When You Have a Large Cast of Characters

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(This post assumes these characters are banded together in at least one large group and must work toward a similar goal.)

Let’s look at the main components that are important in large cast stories:

Teams and Sub-groups

The larger the cast, the more teams and sub-groups there are (or at least, the more there should be). These characters can find themselves in groups through a number of ways: similar backgrounds, random circumstances, matching beliefs/moral compass, etc etc.

Sometimes you can group them into categories that work well with tension, humorous effect, and character development. Some categories include:

  • the selfish lone wolves that are forced to work together
  • nerds who don’t communicate well
  • the hero-types that can’t agree on anything
  • long-term friends and their ragtag bunch of new allies
  • honestly, just think about teams from the MCU

Sub-groups are typically a must for stories with a large cast, as it expands the plot, individual characterization/development, conflict, and clarification. It staggers introductions of each character, giving them proper significance within the story right off the bat.

POV

This is a tricky thing to carry out. Multiple points of view are necessary unless you are absolutely sure you only want to follow ONE character the entire story, which is a feat in itself and probably ill-advised (but you do you). However, if you decide to use multiple POVs, you then also have to choose whether you want to carry that out through alternating first-person narratives or use third-person. First-person is going to require a more in-depth understanding of the characters’ voice and more decisions of who within each sub-group gets to narrate (as well as how reliable and involved they are). Both can be used in different ways to interconnect each group’s storyline. All personal choice.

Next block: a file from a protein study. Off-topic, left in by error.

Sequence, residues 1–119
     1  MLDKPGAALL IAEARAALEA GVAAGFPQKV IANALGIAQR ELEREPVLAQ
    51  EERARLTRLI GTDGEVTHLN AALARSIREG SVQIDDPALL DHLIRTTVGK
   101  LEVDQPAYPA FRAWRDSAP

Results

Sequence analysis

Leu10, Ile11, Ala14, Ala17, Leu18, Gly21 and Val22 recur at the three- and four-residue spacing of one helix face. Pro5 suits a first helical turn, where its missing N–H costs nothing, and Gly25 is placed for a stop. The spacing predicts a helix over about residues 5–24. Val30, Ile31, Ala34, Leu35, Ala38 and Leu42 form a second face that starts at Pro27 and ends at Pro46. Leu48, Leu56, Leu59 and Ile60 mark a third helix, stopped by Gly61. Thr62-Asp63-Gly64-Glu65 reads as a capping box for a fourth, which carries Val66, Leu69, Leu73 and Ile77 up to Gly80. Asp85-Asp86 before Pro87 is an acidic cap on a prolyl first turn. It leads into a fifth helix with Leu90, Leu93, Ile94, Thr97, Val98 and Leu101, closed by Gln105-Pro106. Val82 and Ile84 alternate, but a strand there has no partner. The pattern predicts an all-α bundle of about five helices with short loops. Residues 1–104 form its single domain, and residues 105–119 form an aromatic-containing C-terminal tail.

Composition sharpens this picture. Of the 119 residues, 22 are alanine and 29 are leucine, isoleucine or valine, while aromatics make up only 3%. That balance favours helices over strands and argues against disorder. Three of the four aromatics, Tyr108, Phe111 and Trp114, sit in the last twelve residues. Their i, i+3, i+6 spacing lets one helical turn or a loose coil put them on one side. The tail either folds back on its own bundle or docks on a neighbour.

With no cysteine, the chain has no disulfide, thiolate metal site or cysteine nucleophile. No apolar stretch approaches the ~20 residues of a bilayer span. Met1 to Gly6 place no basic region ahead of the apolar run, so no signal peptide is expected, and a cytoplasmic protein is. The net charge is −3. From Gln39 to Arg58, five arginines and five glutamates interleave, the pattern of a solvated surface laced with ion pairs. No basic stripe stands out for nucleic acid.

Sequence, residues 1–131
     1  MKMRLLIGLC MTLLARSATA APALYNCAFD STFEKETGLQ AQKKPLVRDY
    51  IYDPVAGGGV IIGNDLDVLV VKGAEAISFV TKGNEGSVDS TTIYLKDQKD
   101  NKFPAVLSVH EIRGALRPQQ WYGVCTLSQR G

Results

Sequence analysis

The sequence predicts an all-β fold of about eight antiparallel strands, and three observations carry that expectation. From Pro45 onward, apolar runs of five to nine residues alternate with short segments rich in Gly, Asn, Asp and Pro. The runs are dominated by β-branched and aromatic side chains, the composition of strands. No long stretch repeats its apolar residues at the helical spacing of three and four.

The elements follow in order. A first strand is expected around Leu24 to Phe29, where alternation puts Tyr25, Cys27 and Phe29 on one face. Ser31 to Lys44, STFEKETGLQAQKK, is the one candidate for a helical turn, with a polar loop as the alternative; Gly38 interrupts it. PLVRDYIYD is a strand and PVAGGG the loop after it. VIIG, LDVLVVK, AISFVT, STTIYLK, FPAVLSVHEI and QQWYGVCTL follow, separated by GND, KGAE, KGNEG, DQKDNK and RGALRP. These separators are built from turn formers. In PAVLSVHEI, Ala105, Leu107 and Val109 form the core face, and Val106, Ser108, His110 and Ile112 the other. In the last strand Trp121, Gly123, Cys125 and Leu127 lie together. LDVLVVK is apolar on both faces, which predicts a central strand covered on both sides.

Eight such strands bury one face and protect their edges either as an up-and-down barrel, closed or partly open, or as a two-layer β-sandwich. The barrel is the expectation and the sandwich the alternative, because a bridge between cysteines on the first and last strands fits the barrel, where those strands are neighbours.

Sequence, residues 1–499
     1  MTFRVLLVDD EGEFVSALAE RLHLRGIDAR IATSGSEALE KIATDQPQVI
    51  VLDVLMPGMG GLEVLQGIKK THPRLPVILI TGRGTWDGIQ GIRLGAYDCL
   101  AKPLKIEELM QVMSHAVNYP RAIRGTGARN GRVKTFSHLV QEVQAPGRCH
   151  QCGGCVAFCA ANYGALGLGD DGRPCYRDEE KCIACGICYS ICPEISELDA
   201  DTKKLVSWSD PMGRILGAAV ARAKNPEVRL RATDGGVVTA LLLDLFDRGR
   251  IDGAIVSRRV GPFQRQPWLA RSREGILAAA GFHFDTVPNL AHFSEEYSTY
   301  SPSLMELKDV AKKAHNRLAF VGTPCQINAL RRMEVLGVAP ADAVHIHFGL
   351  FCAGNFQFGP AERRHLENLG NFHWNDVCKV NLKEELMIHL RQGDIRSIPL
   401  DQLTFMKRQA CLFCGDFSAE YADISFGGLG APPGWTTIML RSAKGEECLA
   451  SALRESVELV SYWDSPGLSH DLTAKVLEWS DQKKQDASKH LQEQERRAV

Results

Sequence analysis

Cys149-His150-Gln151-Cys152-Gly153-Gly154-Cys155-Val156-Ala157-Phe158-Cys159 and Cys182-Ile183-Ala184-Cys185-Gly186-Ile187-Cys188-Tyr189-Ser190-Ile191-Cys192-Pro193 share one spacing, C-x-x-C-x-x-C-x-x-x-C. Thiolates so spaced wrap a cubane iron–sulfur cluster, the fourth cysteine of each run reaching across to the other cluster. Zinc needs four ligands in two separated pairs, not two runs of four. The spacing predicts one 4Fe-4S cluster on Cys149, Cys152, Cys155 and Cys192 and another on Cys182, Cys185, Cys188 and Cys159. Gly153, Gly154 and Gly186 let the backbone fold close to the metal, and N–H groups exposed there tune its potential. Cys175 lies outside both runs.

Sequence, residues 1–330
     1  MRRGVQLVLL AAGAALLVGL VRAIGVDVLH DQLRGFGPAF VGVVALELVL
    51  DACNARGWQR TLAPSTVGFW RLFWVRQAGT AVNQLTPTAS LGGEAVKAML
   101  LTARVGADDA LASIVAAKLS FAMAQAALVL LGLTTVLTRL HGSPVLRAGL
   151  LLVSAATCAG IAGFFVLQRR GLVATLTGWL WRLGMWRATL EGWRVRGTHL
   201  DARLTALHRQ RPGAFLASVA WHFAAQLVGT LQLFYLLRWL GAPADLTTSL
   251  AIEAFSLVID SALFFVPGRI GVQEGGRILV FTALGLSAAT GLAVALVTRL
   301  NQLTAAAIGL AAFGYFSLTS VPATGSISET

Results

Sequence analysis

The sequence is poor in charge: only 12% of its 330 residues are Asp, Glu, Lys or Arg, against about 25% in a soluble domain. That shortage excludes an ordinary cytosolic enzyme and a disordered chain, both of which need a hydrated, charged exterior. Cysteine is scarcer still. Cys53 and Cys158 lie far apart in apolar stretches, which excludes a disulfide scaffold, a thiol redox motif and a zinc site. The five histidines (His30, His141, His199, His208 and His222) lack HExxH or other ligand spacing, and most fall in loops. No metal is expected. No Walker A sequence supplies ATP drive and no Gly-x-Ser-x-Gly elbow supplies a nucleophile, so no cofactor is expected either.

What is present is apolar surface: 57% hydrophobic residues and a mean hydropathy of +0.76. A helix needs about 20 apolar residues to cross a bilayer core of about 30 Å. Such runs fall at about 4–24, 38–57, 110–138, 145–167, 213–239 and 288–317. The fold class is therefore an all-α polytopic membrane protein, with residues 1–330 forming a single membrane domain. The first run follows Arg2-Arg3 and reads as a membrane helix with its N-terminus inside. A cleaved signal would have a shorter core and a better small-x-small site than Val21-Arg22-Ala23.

Communication

Communication, within any large group, sucks. So now imagine there has to be communication between individuals, sub-groups, and the overall group. Everyone is going to have their own style of communication (or lack thereof) and each subgroup is going to have a different dynamic for it as well. Learning how (mis)communication, lying, personal details, and rumors circulate through individuals, sub-groups, and the overall group is important to the realism and storyline. It sounds daunting, but just watch Guardians of the Galaxy or any Avengers movie with this in mind and you’ll understand how to do it easily in no time.

Loyalty and Relationships

Two things easily complicate a large group’s dynamic: loyalty and relationships.

These things can strain or strengthen sub-groups and/or the team as a whole. It depends on who is involved, what they could be jeopardizing, and a bunch of other factors.

They’re good things to consider the repercussions and effects of especially if you have love triangles, brokens hearts, lost friendships, secret histories, and trust issues floating around the team. 

Loyalty also directly corresponds with teamwork, another factor to consider. 

How to use all this

Team Profiles

Outlines of:

  • the members
  • teams and sub-groups
  • communication
  • loyalty
  • relationships within the group
  • teamwork and overall dynamic of the group
  • history 
  • etc etc

Adding Conflict

No matter what the main conflict is, having a large group that must work together provides an endless amount of other conflicts.

  • miscommunication
  • disloyalty
  • heartbreak
  • distrust
  • question of authority/leadership
  • conflicting personal interest
  • opposing beliefs
  • etc etc.

In the end, having a large cast of characters that work together is a daunting task, but hopefully this post broke down some of the trickier aspects in planning the story. Best of luck on your writing journey!

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